Instagram is developing its own version of Twitter’s Super Follow with “exclusive stories” – TechCrunch
Instagram is building its own version of Twitter’s Super Follow with a feature that would allow online creators to post “exclusive” content in their Instagram Stories that is only available to their fans – access that would likely come with a payment of any subscription.
Instagram has confirmed that screenshots of the feature recently circulated on social networks come from an internal prototype under development, but which has not yet been tested publicly. The company declined to share specific details of its plans, saying it was not yet in a position to talk about the project.
The screenshots, however, say a lot about Instagram thinking, as they show a way creators could post so-called “exclusive stories” on their accounts, which are designated with a different color. (currently purple). When other Instagram users discover the Exclusive Stories, a message tells them that “only members” can see that content. Stories also can’t be screenshots it seems, and they can be shared as highlights. A new prompt encourages creators to “record this in a climax for your fans,” explaining that in doing so, “fans always have something to see when they join in.”
Exclusive Stories feature was reverse engineered Alexander Paluzzi, which often finds new features in the code of mobile applications. Over the past week, he posted a series of screenshots to an ongoing Twitter thread about his findings.
Exclusive Stories are just a part of Instagram’s larger plans for extended creator monetization tools.
The company has slowly revealed more details of its efforts in this space, with Instagram director Adam Mosseri first saying Information in May that the company was “exploring” subscriptions as well as other new features, such as NFTs.
Paluzzi too recently found references to the NFT feature, Collectibles, which shows how digital collectibles can appear on a creator’s Instagram profile in a new tab.
Instagram, so far, has not made a public announcement on these specific product developments, choosing instead to speak at a high level about its plans for things like subscriptions and tips.
For example, during Instagram Creators Week in early June – an event that could have served as a great place to offer a first look at some of these ideas – Mosseri spoke more generally about the type of creative tools Instagram wanted to create, without saying which ones were in fact in active development.
“We have to create if we’re going to be the best platform for creators in the long run, a whole suite of things or tools that creators can use to help do what they do,” he said. said, explaining that Instagram is also working on more creative tools and security features, as well as tools that could help creators make a living.
“I think it’s very important that we create a full suite of different tools because what you might use and what would be relevant to you as a creator can be very different from an athlete or a writer. “, did he declare.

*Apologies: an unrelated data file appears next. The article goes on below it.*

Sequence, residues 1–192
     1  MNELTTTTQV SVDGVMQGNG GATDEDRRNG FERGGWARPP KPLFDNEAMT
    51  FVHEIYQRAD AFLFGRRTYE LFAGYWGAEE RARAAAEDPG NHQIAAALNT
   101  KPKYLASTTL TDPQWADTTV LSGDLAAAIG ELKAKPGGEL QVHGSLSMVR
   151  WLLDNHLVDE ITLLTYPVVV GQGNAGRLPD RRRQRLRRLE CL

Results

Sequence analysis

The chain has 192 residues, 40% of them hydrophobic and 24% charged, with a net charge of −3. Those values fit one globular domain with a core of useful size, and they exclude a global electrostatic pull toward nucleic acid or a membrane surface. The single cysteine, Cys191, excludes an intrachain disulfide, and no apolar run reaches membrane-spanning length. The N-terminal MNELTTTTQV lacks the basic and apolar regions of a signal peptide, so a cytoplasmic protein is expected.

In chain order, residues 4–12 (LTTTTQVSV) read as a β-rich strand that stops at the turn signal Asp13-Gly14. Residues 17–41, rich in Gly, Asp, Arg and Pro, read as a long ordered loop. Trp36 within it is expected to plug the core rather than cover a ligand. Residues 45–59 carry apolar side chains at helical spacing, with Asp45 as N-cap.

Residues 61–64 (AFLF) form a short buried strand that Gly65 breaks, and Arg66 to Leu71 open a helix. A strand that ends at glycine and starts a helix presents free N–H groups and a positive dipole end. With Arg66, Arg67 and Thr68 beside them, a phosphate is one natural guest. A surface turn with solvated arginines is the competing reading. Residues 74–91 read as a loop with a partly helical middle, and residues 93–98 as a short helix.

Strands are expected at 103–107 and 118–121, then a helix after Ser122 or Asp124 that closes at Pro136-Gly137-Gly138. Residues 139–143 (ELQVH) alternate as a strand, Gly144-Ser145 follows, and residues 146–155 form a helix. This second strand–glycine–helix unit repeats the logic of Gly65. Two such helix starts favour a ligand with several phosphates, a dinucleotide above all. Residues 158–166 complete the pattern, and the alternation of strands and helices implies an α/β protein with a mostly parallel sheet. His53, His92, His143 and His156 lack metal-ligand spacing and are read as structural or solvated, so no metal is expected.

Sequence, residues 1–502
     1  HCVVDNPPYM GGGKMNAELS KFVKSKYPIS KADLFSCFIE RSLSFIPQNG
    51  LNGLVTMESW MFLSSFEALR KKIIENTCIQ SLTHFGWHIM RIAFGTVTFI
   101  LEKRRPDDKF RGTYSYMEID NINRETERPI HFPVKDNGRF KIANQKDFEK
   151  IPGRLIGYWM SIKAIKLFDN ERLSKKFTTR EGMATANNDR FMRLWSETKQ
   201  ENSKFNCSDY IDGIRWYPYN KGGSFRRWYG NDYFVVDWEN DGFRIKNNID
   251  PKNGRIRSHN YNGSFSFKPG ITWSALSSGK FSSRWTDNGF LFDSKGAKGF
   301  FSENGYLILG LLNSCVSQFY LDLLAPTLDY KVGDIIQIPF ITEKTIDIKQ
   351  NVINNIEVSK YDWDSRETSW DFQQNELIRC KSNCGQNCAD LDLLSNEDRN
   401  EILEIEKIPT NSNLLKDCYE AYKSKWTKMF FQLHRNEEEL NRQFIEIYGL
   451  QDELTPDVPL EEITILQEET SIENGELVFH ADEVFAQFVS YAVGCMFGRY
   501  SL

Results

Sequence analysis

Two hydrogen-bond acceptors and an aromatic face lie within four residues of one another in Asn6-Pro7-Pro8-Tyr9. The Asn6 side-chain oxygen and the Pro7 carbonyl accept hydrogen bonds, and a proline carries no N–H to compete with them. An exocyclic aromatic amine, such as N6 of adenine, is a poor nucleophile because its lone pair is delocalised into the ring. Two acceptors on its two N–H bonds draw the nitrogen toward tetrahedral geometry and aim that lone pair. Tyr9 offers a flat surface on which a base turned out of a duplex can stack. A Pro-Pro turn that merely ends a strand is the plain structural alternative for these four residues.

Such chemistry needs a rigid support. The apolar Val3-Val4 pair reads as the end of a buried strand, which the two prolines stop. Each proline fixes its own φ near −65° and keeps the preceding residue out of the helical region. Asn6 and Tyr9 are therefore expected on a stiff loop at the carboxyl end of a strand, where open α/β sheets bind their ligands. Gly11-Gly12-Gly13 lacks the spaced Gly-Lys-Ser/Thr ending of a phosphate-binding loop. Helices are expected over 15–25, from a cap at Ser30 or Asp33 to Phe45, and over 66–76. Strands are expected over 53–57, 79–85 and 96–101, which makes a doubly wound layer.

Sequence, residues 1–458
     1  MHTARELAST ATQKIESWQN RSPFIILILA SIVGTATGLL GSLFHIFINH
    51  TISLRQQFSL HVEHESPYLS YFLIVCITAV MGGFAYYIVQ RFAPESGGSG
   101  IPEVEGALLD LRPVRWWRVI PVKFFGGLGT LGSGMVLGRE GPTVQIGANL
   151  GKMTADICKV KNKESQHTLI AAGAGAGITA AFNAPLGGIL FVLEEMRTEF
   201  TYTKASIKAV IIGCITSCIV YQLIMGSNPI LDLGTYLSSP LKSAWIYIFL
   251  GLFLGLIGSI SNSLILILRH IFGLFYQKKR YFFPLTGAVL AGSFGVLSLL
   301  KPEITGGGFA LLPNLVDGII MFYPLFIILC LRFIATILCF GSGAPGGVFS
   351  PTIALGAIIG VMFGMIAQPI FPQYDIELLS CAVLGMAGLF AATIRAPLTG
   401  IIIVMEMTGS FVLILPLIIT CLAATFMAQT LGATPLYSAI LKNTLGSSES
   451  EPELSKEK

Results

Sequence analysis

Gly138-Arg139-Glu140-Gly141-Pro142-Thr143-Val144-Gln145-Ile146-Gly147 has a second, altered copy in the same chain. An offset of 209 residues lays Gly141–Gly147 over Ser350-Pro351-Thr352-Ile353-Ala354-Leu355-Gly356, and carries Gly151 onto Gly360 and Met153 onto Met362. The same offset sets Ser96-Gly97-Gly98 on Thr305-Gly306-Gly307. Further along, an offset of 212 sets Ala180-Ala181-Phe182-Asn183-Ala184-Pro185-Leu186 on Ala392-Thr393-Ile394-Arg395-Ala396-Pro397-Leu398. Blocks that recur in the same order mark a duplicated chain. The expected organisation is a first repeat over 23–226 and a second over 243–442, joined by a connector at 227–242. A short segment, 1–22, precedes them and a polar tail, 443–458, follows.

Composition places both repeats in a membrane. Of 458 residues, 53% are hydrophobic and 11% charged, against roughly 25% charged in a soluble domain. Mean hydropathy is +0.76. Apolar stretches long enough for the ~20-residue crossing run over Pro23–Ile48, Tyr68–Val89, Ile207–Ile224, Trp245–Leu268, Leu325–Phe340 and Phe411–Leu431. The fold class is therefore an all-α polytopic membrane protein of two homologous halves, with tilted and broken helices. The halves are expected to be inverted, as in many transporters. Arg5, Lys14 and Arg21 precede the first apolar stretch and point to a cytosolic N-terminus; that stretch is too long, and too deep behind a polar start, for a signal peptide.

“And so, in large part, [the creator monetization tools] fall into three categories. One is commerce – either we can do more to help with branded content; we can do more with affiliate marketing… we can do more with merch, ”he explained. “The second is to allow users to pay creators directly, whether it’s blocked content, subscriptions or tips, like badges or other user-payment-type products. I think there is a lot to do there. I love them because they give the creators a direct relationship with their fans – which I think is probably more enduring and predictable in the long run, ”Mosseri said.
The third area is focused on revenue sharing, like with IGTV long and short video, like Reels, he added.
Instagram isn’t the only major social platform to forge ahead with creator monetization efforts.
The membership model, popularized by platforms like OnlyFans and Patreon, has recently made its way to a number of mainstream social networks as the creator economy has become more established.
Twitter, for example, first announced its own take on creator subscriptions, with the unveiling of its plans for the Super Follow feature at an Analyst Day event in February. Last week it started rolling out apps for Super Follows and Ticketed Spaces, the latest competitor to Clubhouse’s audio social networking rooms.
Meanwhile, Facebook yesterday launched its Substack newsletter competitor, Bulletin, which offers creators a way to sell premium subscriptions and access member-only groups and live audio rooms. Even Spotify has launched an audio chat room and Clubhouse rival, Greenroom, which it also plans to eventually monetize.
While the new screenshots offer a more in-depth look at Instagram’s product plans on this front, we should caution that a feature in development is not necessarily representative of what a feature will look like at launch or its final behavior. It’s also not a definitive promise of a public launch – although, in this case, it would be hard to see Instagram abandon its plans for exclusive member-only content given its broader interest in serving creators, where such functionality is essentially part of a basic offering.